Bangladesh in the News

You may or may not have seen news headlines lately, pertaining to riots and protests in Bangladesh, and in Dhaka specifically. There have been a few disturbances lately, although I’m not sure how often such things occur. And I have only found out about them through the media, both national and international.

The first protest last Friday occurred outside the city’s National Mosque and involved several hundred people, and injured many. The protest broke out on following prayers at the mosque. A radical Islamist group is opposed to the National Women Development Policy, which gives equal rights to women in inheritance. In other words, should the policy become law, women would have an equal right to inherit property as men, which goes against the Quran. Bangladesh is not an Islamic Republic, like Pakistan for instance, it is a secular state, which means the church and state are separate.

Saturday there was another, larger protest, outside the city in a garment manufacturing district. There, 10,000 textile workers clashed with police and dozens were injured in a protest triggered by rising food prices. As is the case in many poor countries at the moment, food prices are becoming such that many people can no longer afford their daily staples, especially rice. The textile workers were demanding higher salaries to compensate for the increased cost of food. In less than a year, on the world markets the price of wheat has risen 130%, soya by 87% and rice by 74%. The food crisis is evident here, with line ups for government subsidized food at distribution points all over the city. For a person who lives on $1 a day, about 70% of that income is spent on food. So you can see how critical increased food prices are to people in developing countries all over the world.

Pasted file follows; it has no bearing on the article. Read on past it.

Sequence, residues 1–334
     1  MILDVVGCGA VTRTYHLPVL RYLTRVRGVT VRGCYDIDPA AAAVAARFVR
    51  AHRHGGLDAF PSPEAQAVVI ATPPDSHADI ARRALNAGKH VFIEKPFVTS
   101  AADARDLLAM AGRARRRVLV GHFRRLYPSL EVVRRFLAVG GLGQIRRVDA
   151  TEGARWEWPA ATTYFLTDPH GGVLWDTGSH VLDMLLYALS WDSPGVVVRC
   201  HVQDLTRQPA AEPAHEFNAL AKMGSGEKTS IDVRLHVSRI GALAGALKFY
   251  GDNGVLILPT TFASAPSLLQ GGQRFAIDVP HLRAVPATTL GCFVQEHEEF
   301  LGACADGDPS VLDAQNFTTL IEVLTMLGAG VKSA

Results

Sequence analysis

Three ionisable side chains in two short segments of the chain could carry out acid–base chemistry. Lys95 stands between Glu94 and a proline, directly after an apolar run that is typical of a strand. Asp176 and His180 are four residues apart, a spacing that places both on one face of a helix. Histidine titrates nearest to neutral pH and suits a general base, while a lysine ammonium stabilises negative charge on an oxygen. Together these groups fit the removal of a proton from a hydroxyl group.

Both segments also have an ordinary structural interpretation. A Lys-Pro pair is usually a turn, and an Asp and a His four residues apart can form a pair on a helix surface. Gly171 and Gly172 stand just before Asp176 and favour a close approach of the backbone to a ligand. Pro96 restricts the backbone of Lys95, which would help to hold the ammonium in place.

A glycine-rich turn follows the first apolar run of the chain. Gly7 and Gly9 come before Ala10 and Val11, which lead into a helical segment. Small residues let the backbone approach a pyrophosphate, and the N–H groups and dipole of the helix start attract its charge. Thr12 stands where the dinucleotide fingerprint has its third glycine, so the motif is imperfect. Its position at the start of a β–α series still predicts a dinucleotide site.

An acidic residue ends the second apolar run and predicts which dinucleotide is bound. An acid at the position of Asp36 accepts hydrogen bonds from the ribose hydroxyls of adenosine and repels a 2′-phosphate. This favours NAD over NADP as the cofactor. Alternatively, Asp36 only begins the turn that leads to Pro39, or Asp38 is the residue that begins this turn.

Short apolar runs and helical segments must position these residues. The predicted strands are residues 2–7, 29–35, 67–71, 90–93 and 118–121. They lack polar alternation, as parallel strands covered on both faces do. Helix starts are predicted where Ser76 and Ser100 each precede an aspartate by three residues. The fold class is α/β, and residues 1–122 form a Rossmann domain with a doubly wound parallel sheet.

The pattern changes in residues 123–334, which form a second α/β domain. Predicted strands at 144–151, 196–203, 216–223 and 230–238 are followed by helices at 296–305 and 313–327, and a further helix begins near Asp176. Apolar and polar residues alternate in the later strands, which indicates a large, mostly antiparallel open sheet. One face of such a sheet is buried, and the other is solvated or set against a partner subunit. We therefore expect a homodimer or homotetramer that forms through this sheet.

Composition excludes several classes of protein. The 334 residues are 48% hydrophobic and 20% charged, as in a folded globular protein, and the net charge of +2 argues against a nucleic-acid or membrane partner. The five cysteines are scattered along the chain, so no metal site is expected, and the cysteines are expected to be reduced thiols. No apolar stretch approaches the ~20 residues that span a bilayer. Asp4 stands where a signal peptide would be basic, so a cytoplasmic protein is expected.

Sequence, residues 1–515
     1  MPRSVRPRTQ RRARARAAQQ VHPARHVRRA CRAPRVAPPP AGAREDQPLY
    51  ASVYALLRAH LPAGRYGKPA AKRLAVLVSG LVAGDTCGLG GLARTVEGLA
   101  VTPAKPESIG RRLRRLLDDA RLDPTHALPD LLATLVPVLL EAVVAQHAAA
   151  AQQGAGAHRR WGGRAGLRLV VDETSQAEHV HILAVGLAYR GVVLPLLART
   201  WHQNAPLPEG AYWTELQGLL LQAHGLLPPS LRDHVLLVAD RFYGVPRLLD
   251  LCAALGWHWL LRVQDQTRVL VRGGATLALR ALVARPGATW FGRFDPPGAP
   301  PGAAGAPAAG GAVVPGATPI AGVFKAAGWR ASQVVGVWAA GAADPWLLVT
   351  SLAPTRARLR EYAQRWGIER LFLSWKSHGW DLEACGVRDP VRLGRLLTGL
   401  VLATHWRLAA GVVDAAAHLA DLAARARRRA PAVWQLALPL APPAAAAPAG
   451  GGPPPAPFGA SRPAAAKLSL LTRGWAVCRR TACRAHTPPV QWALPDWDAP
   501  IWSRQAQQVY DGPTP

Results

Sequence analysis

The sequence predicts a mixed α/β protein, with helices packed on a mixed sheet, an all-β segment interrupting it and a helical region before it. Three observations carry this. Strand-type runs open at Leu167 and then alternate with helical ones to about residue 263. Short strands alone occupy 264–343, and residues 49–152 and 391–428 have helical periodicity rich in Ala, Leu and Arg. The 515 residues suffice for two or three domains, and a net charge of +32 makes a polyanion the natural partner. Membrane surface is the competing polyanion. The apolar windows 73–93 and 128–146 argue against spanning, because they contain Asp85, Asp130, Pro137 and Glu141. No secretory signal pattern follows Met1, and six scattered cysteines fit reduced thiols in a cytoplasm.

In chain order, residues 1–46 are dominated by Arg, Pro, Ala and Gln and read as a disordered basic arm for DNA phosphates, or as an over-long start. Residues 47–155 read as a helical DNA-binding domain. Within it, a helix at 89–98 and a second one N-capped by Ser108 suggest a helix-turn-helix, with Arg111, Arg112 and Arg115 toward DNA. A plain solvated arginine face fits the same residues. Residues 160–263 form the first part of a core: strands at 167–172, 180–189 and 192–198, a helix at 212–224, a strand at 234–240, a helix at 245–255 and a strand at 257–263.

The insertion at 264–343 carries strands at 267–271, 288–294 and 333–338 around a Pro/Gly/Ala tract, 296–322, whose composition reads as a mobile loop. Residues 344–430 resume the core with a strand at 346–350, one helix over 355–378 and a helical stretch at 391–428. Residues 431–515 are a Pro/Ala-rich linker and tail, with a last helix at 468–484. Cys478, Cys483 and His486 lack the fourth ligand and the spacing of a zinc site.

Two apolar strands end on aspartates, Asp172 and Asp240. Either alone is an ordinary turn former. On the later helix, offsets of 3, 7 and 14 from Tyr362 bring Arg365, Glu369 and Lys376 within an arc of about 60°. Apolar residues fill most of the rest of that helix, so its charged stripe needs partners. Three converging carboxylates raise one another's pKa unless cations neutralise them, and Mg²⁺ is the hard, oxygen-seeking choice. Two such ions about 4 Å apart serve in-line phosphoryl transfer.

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Posted in Bangladesh | travel | work Submitted by Meg on Sun, 2008-04-13 12:01

Food crisis

Submitted by Kim (not verified) on Tue, 2008-04-15 20:33.

Stories like this make me take a step back and realize how lucky we are to live in Canada. It's unconceivable that some people have to spend 70% of their income on food when countries in the Western world waste so much of it every day.

There was a story in the Globe today about a Government of Canada response to the food crisis, but they don't have a plan in place at the moment. It seems like they're trying to meet the UN World Food Program's deadline of May 1.

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